MARTIN HYMAN (born 3rd July 1933 in Southampton, died 3rd April 2021 in West Lothian, Scotland). In addition to his achievements as an international athlete, Martin was a successful and inspiring athletics coach and a pioneer of orienteering in the UK.
As a runner, he was 4th in the British Empire and Commonwealth Games 6 miles in Cardiff in 1958 in 28:58.6 and in 1962 in Perth, Australia he was 5th in the 6 miles in 28:42.2. In 1962 in the European Championships in Belgrade Martin was 4th in the 10,000m in 29:02.0, exactly the same time as Roy Fowler of GB, who was 3rd. Before that in the 1960 Olympics in the heat of Rome he was 9th in the 10,000m in 29:04.8, just ahead of Gordon Pirie (29:15.2) who was 10th.
He was 3rd in the International (Old World Cross Country Championships) in 1961. At the end of 1961 he won one of the World’s most famous road races – the ‘New Year’s Eve race in Sao Paulo, Brazil. He finished ahead of the 1960 Olympic marathon champion, Abebe Bikila, who later went on to win the Olympic marathon in 1964 also. The race was over 7.3k.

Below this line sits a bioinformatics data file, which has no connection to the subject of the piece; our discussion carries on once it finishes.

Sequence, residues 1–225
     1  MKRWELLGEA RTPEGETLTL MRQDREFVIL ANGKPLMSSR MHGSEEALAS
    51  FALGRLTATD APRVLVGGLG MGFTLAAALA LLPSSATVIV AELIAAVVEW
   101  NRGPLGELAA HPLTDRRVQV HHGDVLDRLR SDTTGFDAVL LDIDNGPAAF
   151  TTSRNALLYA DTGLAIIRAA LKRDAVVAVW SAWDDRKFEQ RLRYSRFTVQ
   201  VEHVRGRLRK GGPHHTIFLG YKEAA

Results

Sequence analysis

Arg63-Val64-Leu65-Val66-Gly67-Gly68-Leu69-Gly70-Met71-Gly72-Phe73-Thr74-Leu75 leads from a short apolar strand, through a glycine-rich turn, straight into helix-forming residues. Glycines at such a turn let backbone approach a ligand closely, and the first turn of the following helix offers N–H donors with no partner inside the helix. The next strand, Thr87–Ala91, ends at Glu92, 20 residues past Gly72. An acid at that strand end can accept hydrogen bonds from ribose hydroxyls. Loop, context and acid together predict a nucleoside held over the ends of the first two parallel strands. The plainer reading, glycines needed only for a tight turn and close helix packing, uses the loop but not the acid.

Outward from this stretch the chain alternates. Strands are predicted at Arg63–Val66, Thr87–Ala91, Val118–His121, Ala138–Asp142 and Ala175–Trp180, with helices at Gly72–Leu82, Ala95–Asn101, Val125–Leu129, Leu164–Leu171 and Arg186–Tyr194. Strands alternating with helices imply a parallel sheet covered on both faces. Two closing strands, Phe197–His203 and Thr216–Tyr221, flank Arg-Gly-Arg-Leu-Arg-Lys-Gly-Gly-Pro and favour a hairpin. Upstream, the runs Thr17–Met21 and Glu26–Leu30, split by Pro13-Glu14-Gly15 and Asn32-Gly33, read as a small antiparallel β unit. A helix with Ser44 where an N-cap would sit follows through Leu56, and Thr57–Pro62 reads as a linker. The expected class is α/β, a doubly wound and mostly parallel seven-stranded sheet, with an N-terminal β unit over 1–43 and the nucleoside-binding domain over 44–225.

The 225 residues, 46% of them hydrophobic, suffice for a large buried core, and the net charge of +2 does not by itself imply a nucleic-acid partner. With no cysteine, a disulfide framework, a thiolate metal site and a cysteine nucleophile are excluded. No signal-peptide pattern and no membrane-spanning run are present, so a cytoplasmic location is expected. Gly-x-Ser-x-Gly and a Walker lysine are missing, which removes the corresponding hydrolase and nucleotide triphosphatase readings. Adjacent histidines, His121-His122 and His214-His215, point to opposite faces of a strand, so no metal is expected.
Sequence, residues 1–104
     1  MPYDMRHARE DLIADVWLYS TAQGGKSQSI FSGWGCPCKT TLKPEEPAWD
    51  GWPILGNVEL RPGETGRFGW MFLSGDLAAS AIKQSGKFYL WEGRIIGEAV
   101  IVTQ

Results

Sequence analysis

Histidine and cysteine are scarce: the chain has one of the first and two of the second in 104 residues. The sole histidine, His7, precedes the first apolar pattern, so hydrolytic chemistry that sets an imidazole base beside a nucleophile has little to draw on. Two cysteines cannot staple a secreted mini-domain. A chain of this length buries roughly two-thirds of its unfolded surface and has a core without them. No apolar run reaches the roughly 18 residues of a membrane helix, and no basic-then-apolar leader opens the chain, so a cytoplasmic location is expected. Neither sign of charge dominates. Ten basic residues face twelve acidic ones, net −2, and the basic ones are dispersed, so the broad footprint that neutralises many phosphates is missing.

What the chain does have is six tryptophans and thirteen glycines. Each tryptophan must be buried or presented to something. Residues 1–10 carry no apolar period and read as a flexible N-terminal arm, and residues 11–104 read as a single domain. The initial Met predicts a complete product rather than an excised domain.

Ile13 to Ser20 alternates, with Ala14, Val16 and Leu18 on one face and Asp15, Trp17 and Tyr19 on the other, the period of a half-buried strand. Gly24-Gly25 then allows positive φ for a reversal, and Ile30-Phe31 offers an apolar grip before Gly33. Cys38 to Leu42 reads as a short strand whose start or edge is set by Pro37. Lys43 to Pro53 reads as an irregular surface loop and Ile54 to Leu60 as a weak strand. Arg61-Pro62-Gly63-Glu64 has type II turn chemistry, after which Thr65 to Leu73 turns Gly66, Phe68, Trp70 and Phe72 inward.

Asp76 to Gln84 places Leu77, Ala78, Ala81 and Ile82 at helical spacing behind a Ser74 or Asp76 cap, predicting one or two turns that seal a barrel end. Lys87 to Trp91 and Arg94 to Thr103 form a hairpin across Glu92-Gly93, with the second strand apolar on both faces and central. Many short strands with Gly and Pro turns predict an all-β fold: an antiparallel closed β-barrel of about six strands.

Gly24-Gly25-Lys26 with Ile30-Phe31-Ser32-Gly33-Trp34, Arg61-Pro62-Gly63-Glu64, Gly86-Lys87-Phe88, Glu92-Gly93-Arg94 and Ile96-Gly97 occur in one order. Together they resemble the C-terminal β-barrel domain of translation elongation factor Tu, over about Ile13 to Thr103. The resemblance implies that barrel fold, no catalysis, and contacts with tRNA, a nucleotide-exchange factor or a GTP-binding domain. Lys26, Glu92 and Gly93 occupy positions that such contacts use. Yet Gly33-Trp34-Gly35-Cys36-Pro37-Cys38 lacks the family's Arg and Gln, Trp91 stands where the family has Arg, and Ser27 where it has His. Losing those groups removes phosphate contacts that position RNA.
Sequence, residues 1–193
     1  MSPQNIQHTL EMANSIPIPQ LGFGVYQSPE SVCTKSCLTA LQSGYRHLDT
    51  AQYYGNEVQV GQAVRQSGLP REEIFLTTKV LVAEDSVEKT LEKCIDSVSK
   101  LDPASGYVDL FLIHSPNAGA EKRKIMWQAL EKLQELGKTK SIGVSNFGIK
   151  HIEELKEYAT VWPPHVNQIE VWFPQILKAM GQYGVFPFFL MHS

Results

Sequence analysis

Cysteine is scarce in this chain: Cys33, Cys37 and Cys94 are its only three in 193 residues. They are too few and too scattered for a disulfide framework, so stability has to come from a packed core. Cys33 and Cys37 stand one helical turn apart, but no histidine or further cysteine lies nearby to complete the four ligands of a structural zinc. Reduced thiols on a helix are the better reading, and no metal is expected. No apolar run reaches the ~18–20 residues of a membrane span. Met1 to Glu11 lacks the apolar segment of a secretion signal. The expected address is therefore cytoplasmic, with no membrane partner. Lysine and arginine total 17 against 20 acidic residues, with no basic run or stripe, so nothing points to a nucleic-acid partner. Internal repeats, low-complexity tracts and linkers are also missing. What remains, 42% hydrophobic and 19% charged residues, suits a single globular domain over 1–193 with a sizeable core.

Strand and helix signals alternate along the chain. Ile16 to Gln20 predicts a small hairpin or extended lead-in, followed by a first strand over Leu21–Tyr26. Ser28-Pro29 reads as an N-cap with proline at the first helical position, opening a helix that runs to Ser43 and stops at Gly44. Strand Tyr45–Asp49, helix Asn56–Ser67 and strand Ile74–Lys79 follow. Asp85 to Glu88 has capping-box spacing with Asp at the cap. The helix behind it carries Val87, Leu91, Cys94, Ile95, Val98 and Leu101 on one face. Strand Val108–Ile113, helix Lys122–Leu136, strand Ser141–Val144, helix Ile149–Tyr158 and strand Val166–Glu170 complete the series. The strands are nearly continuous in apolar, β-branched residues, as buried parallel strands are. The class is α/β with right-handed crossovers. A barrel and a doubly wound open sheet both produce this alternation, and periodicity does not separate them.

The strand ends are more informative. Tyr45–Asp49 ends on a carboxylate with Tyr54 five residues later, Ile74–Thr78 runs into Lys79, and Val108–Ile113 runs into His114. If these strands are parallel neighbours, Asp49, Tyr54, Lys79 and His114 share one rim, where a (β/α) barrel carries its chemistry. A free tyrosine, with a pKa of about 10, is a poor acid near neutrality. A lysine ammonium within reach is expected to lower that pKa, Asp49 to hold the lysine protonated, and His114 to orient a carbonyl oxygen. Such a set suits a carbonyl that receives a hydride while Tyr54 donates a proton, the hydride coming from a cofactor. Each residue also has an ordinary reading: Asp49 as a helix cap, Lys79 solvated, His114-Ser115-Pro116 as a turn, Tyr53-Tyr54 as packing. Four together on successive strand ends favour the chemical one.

Martin Hyman’s best time for six miles on the track was 27:36.09. I can remember seeing him several times winning races in two per country ‘duel’ matches, with the USA and Poland. He was easily recognisable at the White City Stadium.
In the Poland v GB two per side at the White City Stadium, he dead heated with Mike Bullivant, the Derby & County AC runner. Both were spattered with mud from the wet track with so many puddles. They were soaked from head to foot from the White City rain splashing on the cinder track but finished well clear of their Polish rivals. His time was 29:31.6. His club Portsmouth had a very impressive team at road relays and Martin Hyman ran the fastest lap in the winning team in the TVH relay, that had very good competitors. On the team in the Southern & National relays were excellent runners like Bruce Tulloh, Tim Johnston, and the Cooke brothers.
In the 1960’s who could forget the high-stepping, bespectacled Martin Hyman, cheered on by the White City crowds. He will be greatly missed by the running community.